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Protecting the legacy of the Windrush Generation

BLACK IS BEAUTIFUL: One of the many photographs on display at the Staying Power exhibition which closes June 30

It is very difficult to quantify the enormous legacy of the Windrush Generation let alone the black presence over the centuries (especially in Bristol, Cardiff, Liverpool and London).

The contribution covers the spectrum of public life, politics, faith, public services especially the NHS, business, music, food, fashion/lifestyle, sports and the arts in shaping the nature of multicultural Britain. The work of heritage organisations like the Windrush Foundation along with local museums, archives, writers, and community historians have played an important role in promoting and sharing this history and the legacy.

In 2008 after making my documentary A Charmed Life about the life of late Eddie Martin Noble a WW2 war veteran and the legacy of the Windrush Generation I started to write articles, lobby and campaign for a Windrush Day, a public holiday not only celebrating Africans and Caribbeans in the UK but the wider migrant contribution and the benefits of immigration to Britain since WW2.

Over the last several years there has a growing interest from faith leaders, politicians, think tanks, community activists and many other people in public life who now see the importance of a Windrush Day.

To date there has a letter in The Times newspaper, online petitions, Early Day Motion in Parliament, church services, memorials events at Windrush Square in Brixton and other commemorative events around the country.

In Wolverhampton in 2013 a Blue Plaque was awarded to the late Rev Lyseight founder of New Testament Church of God which was the first Black Majority Church to be established in 1953 in Britain.

In June 2015 Simon Stevens the Chief Executive of NHS England will host a Windrush Day event at St Thomas's Hospital recognising the achievements of migrants who work in the NHS and the Equality Diversity Council commitment to tackling race equality in the workforce. Sam King MBE, one of the few survivors of the Windrush ship, has been invited to be a guest of honour.

The current exhibitions at the Black Cultural Archives and the V&A called Staying Power captures some of the essence of the Windrush legacy of struggle and integration covering the period 1950s to the 1990s through the work of photojournalists and photographers. The exhibition highlights the shaping of identity of three generations of Black Britons drawing on the fusion of Africa, Caribbean and African American cultures and idioms in challenging and not always accepting British cultural norms.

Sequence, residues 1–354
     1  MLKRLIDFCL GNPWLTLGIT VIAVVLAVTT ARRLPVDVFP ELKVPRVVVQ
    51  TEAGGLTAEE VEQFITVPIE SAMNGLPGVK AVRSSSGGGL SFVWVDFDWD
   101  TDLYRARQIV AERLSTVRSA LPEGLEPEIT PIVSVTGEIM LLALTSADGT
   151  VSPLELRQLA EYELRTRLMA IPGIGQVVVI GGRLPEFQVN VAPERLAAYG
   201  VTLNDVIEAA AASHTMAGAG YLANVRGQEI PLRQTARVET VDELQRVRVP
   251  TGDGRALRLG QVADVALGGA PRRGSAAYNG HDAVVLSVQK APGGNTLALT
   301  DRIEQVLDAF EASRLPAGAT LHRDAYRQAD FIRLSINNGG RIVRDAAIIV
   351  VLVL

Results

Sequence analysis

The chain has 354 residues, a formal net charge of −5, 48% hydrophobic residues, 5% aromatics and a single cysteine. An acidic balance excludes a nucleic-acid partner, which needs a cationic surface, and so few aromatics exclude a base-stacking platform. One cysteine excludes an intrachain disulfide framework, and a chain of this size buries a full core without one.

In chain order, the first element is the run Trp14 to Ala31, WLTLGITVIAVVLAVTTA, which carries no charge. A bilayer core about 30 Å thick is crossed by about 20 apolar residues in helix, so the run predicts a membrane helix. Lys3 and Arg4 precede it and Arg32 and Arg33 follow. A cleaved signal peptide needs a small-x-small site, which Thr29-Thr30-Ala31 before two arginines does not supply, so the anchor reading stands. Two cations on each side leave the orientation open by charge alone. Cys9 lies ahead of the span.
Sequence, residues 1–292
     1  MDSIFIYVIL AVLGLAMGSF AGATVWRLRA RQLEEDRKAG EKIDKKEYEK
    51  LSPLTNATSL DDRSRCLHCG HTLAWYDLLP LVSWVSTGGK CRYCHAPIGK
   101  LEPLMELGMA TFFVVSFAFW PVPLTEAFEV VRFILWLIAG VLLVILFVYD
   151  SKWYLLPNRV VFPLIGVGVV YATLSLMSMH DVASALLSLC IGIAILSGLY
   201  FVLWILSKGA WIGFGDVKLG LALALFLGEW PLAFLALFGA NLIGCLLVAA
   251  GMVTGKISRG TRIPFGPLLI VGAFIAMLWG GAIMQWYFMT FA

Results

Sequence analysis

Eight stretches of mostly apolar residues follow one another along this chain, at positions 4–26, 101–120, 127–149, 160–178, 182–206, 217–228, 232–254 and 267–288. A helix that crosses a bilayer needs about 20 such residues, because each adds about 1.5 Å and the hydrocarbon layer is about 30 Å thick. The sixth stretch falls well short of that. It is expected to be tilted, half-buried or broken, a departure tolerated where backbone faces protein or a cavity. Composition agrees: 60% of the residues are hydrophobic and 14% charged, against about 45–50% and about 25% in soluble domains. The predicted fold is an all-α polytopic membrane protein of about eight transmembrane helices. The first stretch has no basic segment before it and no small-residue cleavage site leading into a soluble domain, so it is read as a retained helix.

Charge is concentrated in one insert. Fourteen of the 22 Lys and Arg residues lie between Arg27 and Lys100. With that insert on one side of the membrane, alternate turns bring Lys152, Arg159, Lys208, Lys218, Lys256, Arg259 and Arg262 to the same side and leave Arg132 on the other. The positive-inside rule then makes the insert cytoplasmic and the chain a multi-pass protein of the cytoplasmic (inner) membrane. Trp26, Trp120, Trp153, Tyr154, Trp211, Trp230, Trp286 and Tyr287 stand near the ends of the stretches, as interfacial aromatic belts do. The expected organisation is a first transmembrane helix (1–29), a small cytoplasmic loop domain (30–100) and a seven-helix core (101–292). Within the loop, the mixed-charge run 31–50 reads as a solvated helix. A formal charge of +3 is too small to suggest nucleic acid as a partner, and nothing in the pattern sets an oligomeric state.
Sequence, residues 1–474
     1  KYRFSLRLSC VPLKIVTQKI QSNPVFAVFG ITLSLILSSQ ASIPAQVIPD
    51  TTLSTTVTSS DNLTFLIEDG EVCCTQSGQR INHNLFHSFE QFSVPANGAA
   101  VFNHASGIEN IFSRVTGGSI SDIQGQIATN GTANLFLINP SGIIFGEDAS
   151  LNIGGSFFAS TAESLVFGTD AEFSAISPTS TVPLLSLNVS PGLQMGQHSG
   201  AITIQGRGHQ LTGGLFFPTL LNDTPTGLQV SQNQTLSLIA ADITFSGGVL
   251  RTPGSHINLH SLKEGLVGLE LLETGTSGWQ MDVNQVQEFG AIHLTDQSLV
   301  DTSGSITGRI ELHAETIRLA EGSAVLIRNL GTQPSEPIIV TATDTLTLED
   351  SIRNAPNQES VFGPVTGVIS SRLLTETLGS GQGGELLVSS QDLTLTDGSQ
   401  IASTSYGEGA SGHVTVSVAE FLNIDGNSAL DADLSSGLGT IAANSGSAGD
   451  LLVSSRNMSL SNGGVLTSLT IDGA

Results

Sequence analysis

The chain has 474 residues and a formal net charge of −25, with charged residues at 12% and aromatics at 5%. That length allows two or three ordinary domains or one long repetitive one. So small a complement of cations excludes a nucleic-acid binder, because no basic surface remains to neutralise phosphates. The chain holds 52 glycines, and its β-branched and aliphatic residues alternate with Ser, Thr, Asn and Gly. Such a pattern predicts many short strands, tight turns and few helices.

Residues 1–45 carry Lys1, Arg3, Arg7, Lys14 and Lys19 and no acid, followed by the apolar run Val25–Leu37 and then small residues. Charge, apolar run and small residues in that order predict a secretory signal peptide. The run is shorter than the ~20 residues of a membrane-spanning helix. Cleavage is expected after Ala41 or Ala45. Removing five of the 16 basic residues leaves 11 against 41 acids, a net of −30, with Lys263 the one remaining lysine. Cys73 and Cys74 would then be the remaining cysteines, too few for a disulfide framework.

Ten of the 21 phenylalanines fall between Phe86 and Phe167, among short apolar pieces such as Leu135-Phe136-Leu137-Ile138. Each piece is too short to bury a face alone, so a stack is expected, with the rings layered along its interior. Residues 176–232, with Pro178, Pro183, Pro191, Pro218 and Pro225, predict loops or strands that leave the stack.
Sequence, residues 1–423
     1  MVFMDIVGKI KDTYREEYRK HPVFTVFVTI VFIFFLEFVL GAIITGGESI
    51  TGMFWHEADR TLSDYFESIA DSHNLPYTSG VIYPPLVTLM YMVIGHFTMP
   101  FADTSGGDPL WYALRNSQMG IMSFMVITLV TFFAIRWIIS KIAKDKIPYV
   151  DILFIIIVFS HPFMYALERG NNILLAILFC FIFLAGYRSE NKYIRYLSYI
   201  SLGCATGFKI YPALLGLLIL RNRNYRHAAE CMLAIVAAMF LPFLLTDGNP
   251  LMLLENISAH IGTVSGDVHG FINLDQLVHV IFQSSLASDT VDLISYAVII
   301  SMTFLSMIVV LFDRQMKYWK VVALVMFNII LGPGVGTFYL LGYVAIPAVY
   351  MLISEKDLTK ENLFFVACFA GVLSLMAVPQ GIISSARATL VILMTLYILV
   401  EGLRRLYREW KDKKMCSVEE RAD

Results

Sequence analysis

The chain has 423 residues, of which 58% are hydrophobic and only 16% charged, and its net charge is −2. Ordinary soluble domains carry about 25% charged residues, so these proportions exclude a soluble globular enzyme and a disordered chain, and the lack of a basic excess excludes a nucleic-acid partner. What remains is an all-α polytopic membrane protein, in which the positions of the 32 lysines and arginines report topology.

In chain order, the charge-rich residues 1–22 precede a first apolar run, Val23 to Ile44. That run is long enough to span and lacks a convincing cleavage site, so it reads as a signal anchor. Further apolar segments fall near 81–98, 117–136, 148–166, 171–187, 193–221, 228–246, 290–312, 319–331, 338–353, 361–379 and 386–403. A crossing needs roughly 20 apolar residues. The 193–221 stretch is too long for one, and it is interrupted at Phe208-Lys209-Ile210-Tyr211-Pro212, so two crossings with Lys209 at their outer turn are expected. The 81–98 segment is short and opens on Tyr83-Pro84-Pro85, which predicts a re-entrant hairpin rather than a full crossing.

Looking at the exhibition especially images of the Black Panthers, race riots, and fighting police brutality you can see and feel the personal sacrifices that we made back in the day? In 2015 are we willing to do the same or are we just complacent, comfortable in our own personal careers and material consumption?

Do we now prefer collective action or solidarity when we read newspapers or watch epic Hollywood films about Martin Luther King, Malcolm X or enslavement?
In many ways Staying Power or the history of survival and resilience is even more pertinent in 2015 in an age of austerity where the issue of immigration is just as potent as the Rivers of Blood speech made by Enoch Powell in 1968.

The only difference today is that we see refugees, asylum seekers and EU migrants from Eastern Europe as ‘the other' on the basis that our parents or grandparents were invited visitors here with strong colonial ties as part of the Mother Country narrative which somehow gives us some exemption to immigration policy or migrant media bashing.

That is why the recognition of Windrush needs to be cemented and mainstreamed in the national curriculum, media and public discourse so that we are seen as part of the history of this country and our contribution recognised and rooted for future generations, not just relegated to Black History Month.

So when we do have a future black Prime Minster, manager of the England football team or Director-General of the BBC (even fictional characters like Dr Who or James Bond) the nation understands the narrative and the history of migration and why black people and minority ethnic communities are here to stay and are part of the future of this country.

Patrick Vernon will deliver a lunchtime lecture on July 9th at Black Cultural Archives called From Oppression to Expression: The rise in Black British Print Culture

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